Figure 4

Figure 4. Competency-course relationship

From this and other question responses it is clear that while competencies are related to courses, competencies are not courses. Competencies can be a component of a course, and competencies can span courses, as we found in 50 percent of the cases. What this means for data analysts and designers is that courses and competencies have a many-to-many relationship. This is one of the essential lessons for vendors — to design their databases to address the myriad of CBE programs available today.

Competency Scores Held Hostage

One of the more interesting results from the survey is that LMSs as a category are judged "moderately satisfactory." But a deeper look into the data tells a useful story about the value of interoperability. Getting to this conclusion requires stacking two survey questions next to each other, and Dr. Pareto himself would be proud of this near 80/20 relationship (figure 5).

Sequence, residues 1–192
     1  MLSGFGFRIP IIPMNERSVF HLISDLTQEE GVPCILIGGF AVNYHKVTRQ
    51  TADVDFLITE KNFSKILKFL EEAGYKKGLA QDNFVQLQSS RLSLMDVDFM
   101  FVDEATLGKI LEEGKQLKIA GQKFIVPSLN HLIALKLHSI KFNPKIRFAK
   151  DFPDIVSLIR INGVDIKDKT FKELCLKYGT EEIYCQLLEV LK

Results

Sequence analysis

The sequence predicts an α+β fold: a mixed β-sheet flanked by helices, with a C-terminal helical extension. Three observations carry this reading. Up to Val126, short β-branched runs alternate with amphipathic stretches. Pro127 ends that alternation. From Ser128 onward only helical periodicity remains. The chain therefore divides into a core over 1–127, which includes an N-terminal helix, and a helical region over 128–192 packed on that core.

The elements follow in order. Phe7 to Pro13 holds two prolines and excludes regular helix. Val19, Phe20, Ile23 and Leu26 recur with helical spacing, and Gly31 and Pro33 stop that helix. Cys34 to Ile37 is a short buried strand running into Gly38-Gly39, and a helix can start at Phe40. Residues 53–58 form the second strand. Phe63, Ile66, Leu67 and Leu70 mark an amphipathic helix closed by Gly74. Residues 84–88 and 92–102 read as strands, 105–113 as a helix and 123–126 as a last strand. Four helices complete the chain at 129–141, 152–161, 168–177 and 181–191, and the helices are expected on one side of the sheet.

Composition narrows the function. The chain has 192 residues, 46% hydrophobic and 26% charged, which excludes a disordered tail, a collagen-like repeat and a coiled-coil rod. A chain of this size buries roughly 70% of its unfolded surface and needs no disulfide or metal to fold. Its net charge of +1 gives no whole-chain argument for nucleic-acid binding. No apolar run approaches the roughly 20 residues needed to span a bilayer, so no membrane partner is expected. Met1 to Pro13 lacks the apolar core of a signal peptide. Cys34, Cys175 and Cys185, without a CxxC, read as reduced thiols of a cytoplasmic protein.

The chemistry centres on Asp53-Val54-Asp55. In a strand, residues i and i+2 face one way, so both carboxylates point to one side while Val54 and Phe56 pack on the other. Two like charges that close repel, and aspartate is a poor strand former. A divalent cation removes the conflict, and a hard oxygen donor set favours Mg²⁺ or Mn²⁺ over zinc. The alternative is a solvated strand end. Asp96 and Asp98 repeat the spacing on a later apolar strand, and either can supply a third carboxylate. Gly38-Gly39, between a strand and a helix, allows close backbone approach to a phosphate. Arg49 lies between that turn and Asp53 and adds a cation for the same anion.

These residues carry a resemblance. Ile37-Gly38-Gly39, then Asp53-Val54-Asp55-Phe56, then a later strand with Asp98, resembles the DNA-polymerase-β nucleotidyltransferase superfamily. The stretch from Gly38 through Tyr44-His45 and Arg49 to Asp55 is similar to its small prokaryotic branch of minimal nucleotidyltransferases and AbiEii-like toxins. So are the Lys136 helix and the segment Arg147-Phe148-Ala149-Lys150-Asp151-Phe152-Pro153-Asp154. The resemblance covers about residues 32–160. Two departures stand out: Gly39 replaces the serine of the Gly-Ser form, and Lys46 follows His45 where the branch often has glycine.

Figure 5

Figure 5. Managing competency evaluation results

Nearly 75 percent of responding institutions capture CBE-based assessment results in their LMS gradebook. But there the score stays, for all but a handful of schools that probably have built a customized solution. LMS to SIS grade reporting has been a common feature available in a standard way through IMS's LIS, but LIS does not support competencies and course-competency relationships. This seemed like a problem that could be solved with a prototype solution.

"An Issue at Every Level"